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Hannelise Lerida ENC 3417 Writing, Literacy, and Technology Monday 4:30pm-5:45pm 0m01

Baron, Dennis. A Better Pencil. New York: Oxford University Press, 2009. Print.

The chapter on National Handwriting Day talks about the advancement of writing technologies and how it has changed the writing world all together. The focus is on all the writing tools from past decades and the decrease on the use of the pen and pencil because of technology such as the laptop. With the near death of the pen and pencil, it is questioned if handwriting will forever disappear.

This chapter goes hand in hand with the whole class since the focus is on technology and literacy. I do, however, feel that this chapter is very similar to Barons chapter 7, Trusting the Text. In the chapter, it conveys that many readers can be suspicious of any writing that is not hand written. Such thing has brought the writers to make their writing more reliable by using dates, signatures, seals etc It goes on to explaining that sometimes what you see or read is not always real, which is why writing can sometimes be mistrusted. I think this ties up well with the National Handwriting Day because both talk about the importance of handwriting and how technology has changed the perception of people when it comes down to writing.

When I read both chapters, it reminded me of the many times I have seen my friends writing. They either use their computer or cell phones, but I barely see any of them using a pen or paper. Though I do believe that it is much easy to use the laptop or cell phone for writing, I think handwritten notes and stories are much more appealing than advanced technology writing. In my experience, I feel that the paper and pen is important because it also gives you an identity. One thing Ive learned while working on my group project is that although we have many different identities, whether it is through the use of Facebook, LinkIn, Twitter and other social media, our handwriting gives away much more of our identity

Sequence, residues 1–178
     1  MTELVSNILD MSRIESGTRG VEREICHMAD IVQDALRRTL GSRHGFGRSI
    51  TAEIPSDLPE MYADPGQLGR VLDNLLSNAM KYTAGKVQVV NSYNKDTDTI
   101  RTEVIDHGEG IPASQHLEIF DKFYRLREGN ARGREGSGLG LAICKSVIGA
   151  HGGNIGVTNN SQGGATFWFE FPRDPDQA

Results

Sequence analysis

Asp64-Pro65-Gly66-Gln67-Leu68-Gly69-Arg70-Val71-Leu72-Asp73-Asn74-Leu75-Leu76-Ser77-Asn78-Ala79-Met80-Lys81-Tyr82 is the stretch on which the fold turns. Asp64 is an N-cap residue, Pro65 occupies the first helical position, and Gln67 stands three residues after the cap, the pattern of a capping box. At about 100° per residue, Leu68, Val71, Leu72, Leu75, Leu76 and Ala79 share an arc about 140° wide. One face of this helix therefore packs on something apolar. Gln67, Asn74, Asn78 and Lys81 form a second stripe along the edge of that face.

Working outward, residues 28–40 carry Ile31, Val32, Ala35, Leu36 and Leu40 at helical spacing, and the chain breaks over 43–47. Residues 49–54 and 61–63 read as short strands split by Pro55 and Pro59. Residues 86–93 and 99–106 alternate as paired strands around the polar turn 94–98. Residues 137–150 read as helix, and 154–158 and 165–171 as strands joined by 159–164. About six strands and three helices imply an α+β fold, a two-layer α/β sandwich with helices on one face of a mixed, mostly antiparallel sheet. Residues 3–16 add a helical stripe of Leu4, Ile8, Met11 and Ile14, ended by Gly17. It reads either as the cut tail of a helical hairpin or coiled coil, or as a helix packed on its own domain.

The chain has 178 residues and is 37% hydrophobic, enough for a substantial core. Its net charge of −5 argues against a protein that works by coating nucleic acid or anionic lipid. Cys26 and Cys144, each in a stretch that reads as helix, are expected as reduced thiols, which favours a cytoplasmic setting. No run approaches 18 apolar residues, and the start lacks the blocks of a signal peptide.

than any other form of writing. Just by analyzing the words, shapes and such would we be able to tell what kind of person the author is, but when we read something that has been written using the computer, it is difficult to figure out who the author really is. Thus, the mistrust of text comes into play. There are so many ways to fake something using all the advanced technology, but it is rare to see fakeness through handwriting. Another thought that crossed my mind was that of toddlers. When I was younger, I had to learn to write cursive. Though the book does mention that the thought of teaching children to write using computers has come across, I do not believe it should happen. I believe that everyone should rely a little less on technology and teach the same things that they used to when I was younger, handwritten cursive. I found this whole topic very interesting and has made me question what the future will be like. Will technology take over all classrooms? Will pen and paper cease to exist in classrooms? Will future generations forget handwriting?